The closest Natural History Museum to me is the Canadian Museum of Nature in Ottawa. My city of Saint John is situated in a cool temperate forest biome. Saint John is host to a very large population of moose, deer, waterfowl and birds, most of which are common across the entirety of New Brunswick. The biodiversity in my area is still strong, but the forests are always being clear cut and replanted with singular species of trees, severely negatively affecting our biodiversity.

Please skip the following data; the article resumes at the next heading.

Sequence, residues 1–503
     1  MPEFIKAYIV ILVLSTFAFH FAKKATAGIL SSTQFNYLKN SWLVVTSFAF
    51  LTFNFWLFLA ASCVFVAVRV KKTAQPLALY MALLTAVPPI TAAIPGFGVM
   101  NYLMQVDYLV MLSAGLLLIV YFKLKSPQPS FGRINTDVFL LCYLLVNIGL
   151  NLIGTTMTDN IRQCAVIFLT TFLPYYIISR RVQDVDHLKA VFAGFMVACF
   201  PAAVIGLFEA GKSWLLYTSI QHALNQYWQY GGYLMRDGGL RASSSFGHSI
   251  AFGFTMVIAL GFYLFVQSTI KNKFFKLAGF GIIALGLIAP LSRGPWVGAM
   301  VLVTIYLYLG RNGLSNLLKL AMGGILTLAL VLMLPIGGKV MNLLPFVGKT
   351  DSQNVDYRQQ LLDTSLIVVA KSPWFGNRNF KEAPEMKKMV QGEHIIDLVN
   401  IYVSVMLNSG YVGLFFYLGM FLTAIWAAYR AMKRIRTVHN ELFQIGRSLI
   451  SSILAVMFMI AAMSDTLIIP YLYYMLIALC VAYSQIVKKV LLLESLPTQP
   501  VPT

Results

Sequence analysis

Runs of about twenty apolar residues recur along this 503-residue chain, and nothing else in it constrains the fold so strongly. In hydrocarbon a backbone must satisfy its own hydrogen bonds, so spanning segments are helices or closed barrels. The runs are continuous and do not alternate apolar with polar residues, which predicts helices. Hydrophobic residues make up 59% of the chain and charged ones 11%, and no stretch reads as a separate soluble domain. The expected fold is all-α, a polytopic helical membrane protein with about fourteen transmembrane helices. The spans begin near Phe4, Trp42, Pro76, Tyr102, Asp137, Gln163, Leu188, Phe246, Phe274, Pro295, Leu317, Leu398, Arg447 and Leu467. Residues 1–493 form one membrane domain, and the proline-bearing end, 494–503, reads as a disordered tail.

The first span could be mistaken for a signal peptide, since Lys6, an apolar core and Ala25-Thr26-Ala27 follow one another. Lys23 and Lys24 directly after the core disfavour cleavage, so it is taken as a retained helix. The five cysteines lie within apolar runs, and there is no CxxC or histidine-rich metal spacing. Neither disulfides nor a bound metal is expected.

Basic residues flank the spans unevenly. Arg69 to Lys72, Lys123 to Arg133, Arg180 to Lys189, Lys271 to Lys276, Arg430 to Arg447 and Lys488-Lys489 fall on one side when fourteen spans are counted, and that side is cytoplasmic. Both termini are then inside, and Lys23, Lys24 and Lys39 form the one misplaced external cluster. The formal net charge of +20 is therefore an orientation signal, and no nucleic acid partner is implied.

The most endangered animal in my area appears to be the thorny skate, a marine animal that resides in the Atlantic ocean along the Canadian and European borders. It is at vulnerable level, nearly endangered. However, it would appear that the records are in dire need of updates, the last update on the thorny skate was nearly 15 years ago. Considering the population was declining then, it should be a priority to do another assessment to see where population levels are at today. These records are essential for government agencies and conservation societies so that they can tell where the most failing biodiversity is and which sectors of the economy need be restricted or what laws need to be passed to ensure the safety and propagation of these endangered species.